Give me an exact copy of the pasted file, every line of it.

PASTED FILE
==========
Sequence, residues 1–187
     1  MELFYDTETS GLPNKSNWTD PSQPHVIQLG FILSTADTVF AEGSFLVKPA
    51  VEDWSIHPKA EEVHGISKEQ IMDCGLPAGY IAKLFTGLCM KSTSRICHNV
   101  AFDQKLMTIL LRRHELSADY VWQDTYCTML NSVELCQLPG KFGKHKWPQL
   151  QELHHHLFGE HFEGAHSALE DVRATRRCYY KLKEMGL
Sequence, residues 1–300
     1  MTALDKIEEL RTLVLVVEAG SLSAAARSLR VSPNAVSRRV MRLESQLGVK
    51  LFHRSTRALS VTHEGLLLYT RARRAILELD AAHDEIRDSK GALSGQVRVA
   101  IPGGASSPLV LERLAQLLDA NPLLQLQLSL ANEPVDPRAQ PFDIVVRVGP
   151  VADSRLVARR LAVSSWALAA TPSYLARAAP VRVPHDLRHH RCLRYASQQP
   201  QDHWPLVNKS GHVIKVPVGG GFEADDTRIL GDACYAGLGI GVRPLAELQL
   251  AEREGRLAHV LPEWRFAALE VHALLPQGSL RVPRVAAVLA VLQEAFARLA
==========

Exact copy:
Sequence, residues 1–187
     1  MELFYDTETS GLPNKSNWTD PSQPHVIQLG FILSTADTVF AEGSFLVKPA
    51  VEDWSIHPKA EEVHGISKEQ IMDCGLPAGY IAKLFTGLCM KSTSRICHNV
   101  AFDQKLMTIL LRRHELSADY VWQDTYCTML NSVELCQLPG KFGKHKWPQL
   151  QELHHHLFGE HFEGAHSALE DVRATRRCYY KLKEMGL
Sequence, residues 1–300
     1  MTALDKIEEL RTLVLVVEAG SLSAAARSLR VSPNAVSRRV MRLESQLGVK
    51  LFHRSTRALS VTHEGLLLYT RARRAILELD AAHDEIRDSK GALSGQVRVA
   101  IPGGASSPLV LERLAQLLDA NPLLQLQLSL ANEPVDPRAQ PFDIVVRVGP
   151  VADSRLVARR LAVSSWALAA TPSYLARAAP VRVPHDLRHH RCLRYASQQP
   201  QDHWPLVNKS GHVIKVPVGG GFEADDTRIL GDACYAGLGI GVRPLAELQL
   251  AEREGRLAHV LPEWRFAALE VHALLPQGSL RVPRVAAVLA VLQEAFARLA